► LISTEN NOW
DONATE
SEARCH
Choose a Category  

new business models

This fall, college freshman across the country are weighing their options: computer science or political science? Pre-med or pre-law? The choice of what to major in carries a lot of weight to young students. For many, it's a decision that tangles future earning potential with genuine interest.

____________________________________________________

As community colleges assume a more central role in the nation's higher education landscape, the question of how prepared graduating high school students are is increasingly important. Some states are trying to improve the quality of, and change the way students think about, remedial education.

College for America is an online degree program with no classes, no professors, and no credit hours. Offered through Southern New Hampshire University, the $10,000 degree program relies on students' skills to award credit. The program was recently featured as part of PBS NewsHour's Rethinking College series.

____________________________________________________

School is almost back in session, and high school juniors and seniors are looking at colleges, trying to find the best fit. Families often turn to rankings, like U.S. News & World Report. But this year, Washington Monthly magazine is out with a different kind of college ranking, one where neither Harvard nor Stanford come out on top. Editor Paul Glastris calls it the "Bang for the Buck" list. 

____________________________________________________

The buzz around open online courses - often free and occasionally for credit - is fading. But as tuition prices and student debt soar, online learning continues to grow. One of the largest providers of massive open online courses, or MOOCs, is Harvard and MIT's edX. Some 2.5 million people have signed up for these classes, ranging from the Introduction to Computer Science to The Ancient Greek Hero.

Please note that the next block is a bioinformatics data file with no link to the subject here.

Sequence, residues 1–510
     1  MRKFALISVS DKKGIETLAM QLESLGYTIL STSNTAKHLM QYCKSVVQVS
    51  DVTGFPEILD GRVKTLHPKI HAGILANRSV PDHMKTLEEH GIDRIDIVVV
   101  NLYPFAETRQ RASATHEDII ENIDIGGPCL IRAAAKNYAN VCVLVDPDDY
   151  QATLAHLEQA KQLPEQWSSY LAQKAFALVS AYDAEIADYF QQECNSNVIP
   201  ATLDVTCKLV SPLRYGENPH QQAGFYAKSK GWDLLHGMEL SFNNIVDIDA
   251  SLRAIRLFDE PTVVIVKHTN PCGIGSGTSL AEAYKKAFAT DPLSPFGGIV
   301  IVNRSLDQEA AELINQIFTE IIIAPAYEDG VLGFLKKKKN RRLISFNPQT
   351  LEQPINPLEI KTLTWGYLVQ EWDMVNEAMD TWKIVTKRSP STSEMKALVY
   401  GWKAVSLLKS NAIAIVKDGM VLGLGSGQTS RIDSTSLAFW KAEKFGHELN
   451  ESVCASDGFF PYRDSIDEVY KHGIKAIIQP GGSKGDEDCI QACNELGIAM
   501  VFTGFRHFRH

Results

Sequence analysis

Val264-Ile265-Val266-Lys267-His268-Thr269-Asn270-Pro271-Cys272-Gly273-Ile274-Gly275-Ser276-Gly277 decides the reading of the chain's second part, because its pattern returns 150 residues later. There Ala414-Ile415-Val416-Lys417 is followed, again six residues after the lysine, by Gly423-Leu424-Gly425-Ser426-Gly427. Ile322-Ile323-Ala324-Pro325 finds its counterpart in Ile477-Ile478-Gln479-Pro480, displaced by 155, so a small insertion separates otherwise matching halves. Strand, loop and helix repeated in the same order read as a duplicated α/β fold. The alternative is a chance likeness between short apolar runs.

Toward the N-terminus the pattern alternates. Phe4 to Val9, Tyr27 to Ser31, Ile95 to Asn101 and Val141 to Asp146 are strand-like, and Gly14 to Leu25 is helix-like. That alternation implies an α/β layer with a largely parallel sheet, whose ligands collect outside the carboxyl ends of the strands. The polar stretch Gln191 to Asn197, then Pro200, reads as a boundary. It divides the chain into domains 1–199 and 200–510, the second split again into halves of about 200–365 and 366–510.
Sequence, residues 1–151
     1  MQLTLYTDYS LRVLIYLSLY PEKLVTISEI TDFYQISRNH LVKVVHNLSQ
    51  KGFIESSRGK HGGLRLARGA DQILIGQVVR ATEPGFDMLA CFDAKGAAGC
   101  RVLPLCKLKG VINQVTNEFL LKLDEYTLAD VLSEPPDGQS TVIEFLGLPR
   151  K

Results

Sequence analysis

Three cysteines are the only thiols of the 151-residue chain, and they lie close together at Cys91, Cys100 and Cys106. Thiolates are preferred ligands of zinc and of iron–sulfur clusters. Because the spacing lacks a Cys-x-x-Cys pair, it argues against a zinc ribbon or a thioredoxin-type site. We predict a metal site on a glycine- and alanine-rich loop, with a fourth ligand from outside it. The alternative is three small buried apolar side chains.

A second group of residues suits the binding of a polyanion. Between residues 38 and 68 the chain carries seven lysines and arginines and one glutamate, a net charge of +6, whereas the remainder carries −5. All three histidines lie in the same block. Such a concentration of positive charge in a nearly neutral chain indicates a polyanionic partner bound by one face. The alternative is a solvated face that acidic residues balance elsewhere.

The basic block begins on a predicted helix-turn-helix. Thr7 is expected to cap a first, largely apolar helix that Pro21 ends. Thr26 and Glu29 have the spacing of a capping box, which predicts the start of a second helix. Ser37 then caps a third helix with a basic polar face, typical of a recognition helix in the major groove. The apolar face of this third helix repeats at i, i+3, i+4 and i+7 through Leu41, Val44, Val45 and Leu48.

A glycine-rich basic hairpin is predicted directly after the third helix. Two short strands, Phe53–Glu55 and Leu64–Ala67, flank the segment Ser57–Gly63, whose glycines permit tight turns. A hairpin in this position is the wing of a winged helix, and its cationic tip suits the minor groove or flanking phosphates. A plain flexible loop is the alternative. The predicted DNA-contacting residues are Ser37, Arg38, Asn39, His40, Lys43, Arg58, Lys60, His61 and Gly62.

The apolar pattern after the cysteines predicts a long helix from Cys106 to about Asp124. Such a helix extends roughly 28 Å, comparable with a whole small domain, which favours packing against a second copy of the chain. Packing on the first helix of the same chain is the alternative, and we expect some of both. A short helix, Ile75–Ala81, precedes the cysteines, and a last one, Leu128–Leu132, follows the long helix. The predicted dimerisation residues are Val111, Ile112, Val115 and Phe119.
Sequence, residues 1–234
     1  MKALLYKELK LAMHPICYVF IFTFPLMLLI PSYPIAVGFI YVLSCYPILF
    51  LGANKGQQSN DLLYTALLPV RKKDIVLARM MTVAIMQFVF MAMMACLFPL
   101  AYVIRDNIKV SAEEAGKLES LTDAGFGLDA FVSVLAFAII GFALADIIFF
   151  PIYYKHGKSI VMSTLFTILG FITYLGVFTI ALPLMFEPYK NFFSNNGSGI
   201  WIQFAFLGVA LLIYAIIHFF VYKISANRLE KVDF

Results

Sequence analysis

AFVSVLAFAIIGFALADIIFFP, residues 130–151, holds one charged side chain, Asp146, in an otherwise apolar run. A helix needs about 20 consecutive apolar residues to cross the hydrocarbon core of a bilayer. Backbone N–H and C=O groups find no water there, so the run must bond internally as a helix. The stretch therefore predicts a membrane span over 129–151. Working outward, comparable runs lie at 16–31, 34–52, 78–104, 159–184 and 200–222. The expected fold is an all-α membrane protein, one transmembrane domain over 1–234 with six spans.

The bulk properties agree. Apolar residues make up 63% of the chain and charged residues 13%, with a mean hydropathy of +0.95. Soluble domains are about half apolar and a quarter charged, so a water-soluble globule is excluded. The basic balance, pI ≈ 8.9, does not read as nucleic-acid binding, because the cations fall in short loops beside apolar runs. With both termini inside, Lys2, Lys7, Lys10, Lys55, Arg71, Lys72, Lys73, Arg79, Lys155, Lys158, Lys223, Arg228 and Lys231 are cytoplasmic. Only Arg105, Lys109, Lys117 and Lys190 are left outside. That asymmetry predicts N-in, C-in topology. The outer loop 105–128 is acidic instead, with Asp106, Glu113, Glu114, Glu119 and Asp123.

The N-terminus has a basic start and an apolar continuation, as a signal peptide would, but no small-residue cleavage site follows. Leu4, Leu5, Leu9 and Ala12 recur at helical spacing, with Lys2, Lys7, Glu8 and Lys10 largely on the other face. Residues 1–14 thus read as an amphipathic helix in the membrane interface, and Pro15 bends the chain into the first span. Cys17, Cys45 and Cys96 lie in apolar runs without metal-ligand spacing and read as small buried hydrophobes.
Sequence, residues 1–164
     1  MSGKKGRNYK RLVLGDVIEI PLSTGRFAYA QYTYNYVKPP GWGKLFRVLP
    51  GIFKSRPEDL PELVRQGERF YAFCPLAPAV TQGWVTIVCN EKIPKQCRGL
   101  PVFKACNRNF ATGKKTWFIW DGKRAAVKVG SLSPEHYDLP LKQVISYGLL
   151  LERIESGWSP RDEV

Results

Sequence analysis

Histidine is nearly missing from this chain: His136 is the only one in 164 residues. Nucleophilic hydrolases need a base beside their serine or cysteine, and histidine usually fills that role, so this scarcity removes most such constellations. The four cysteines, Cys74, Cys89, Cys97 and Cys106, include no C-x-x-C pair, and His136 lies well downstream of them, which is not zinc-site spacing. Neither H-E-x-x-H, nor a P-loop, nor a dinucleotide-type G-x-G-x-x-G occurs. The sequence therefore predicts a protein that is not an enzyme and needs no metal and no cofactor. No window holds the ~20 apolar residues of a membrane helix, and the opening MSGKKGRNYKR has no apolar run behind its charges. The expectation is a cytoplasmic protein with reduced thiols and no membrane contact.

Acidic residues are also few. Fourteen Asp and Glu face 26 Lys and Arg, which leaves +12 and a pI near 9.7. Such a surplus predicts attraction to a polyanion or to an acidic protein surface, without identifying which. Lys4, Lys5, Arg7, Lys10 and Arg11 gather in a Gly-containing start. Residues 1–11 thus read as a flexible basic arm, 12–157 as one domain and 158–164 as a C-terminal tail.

So what do most students get for completing one of these courses? New knowledge and maybe a certificate of completion, but no credit. WGBH’s On Campus caught up with a student-researcher who predicts colleges and universities will soon offer some form of credit for MOOCs.

Some doctors in the state of California will soon be able to practice after three years of medical school instead of the traditional four. The American Medical Association is providing seed money for the effort in the form of a $1 million, five-year grant to the University of California at Davis.

Student Ngabo Nzigira is in his sixth week of medical school and he's already interacting with patients during training with a doctor at Kaiser Permanente in Sacramento.

____________________________________________________

Summer is winding down, which means teachers across New England are preparing for the upcoming school year. But how prepared these new teachers are largely depends on how they've been taught to teach. Elizabeth Green, the author of Building a Better Teacher, has spent the past five years researching what makes a teacher effective, and whether those skills can be taught. Green recently sat down with WGBH's On Campus to discuss her new book.

____________________________________________________

After a long reign as the fastest-growing and most problematic sector in higher education, for-profit colleges are on the ropes.

This week the U.S. Department of Education announced that it will review how federal student aid is administered at one of the country's largest for-profit colleges, the University of Phoenix. Owned by the publicly traded Apollo Group, the University of Phoenix enrolls over 200,000 students, rivaling the size of the nation's largest public university system.

____________________________________________________

If you had the opportunity, would you attend a college that sends you around the world to live in world-class cities while taking all of your classes online? The Minerva Project is a university that is raising eyebrows with its non-traditional approach.

Traditionally, college students earn credit for how many hours they spend in a classroom. But a different approach gives credit based on how much you know -- and know how to do. As the cost of college soars, proponents say competency-based education could save students and employers thousands.

Filter view by:
1 of 7